The word "sift" derives from 'sieve'.
      A strainer is a form of sieve used to separate solids from liquid.
      If you sift a powder such as flour or sand, you put it through a sieve in order to remove large pieces or lumps.
      If you sift through something such as evidence, you examine it thoroughly.
      To help you sift through the hype, we'll look at quality optics, battery technology, inputs and outputs, recording media, and controls.
      If you sift something out, you separate it from other things.
      As you drink and eat wastes build up in your bloodstream, and kidneys work relentlessly to sift it out.
      adj (of clothes) old and torn ¶ (of people) wearing ~ clothes ¶ having a rough uneven edge or surface ¶ not regular or together ¶ not performing well, because of not being organized
      My shirt is ragged at the cuffs.
      Rick looked him up and down, taking in his ragged coat, old rugby shirt and battered jeans.
      Being a kindly soul, he offered food and shelter to a ragged old couple who came by the restaurant looking cold and hungry.
      Raggedy Ann is a fictional character created by American writer Johnny Gruelle in a series of books he wrote and illustrated for young children.
      There was a ragged hole in one corner where the dog had chewed on it. But she still used it.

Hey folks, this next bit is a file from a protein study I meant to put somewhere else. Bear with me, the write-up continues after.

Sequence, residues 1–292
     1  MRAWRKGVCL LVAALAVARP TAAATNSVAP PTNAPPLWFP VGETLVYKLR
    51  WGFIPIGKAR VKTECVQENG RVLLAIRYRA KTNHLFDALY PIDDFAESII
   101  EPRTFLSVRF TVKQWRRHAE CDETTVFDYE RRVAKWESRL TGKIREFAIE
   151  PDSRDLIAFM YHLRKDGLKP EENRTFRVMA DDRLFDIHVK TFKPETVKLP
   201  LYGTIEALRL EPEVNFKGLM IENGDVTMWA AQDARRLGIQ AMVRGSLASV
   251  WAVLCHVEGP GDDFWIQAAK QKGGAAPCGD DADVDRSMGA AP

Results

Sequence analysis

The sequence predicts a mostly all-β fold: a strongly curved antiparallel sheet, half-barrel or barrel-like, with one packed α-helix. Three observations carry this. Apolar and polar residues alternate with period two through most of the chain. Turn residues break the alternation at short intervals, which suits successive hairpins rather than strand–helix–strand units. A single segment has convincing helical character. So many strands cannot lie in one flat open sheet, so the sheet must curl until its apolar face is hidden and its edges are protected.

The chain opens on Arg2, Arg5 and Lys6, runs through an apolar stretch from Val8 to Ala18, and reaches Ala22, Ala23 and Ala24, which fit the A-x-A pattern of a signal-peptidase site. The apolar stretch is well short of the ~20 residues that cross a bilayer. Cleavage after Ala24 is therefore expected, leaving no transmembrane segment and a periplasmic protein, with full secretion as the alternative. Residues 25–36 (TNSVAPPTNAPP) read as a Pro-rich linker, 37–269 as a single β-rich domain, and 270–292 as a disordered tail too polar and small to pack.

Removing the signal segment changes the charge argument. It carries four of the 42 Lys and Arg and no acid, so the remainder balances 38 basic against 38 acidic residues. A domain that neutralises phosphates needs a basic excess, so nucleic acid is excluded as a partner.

Like a lot of you, I grew up in a family on the ragged edge of the middle class.
      There's silence except for her ragged breathing.
      Unfortunately the bravura male trio gave a ragged performance on the opening night.
      n[C] a dog, esp one used in hunting
      v[T] harass
      A hound is a type of dog that assists hunters by tracking or chasing the animal being hunted. It can be contrasted with the gun dog, which assists hunters by identifying the location of prey and/or recovers shot quarry.
      Scent hounds are a type of hound that primarily hunts by scent rather than sight.
      The American Foxhound is a breed of dog that is a cousin of the English Foxhound. They are scent hounds, bred to hunt foxes by scent.
      Paparazzi (singular: paparazzo or paparazza) are photographers who take pictures of athletes, entertainers, politicians, and other celebrities, usually while they are going about normal life routines.
      New York Yankees star Alex Rodriguez has become used to being hounded by paparazzi, sports writers and autograph collectors.
      If hound someone out of/from something, you make things so unpleasant for them that they are forced to leave a place, job etc.
      In 1937, hounded out of Europe by the Stalinist GPU, Leon Trotsky arrived in Mexico City at the invitation of the artists Diego Rivera and Frida Khalo.
      n[C] soul or mind
      In psychology, the psyche is the totality of the human mind, conscious and unconscious.
      Psychology is the scientific or objective study of the psyche.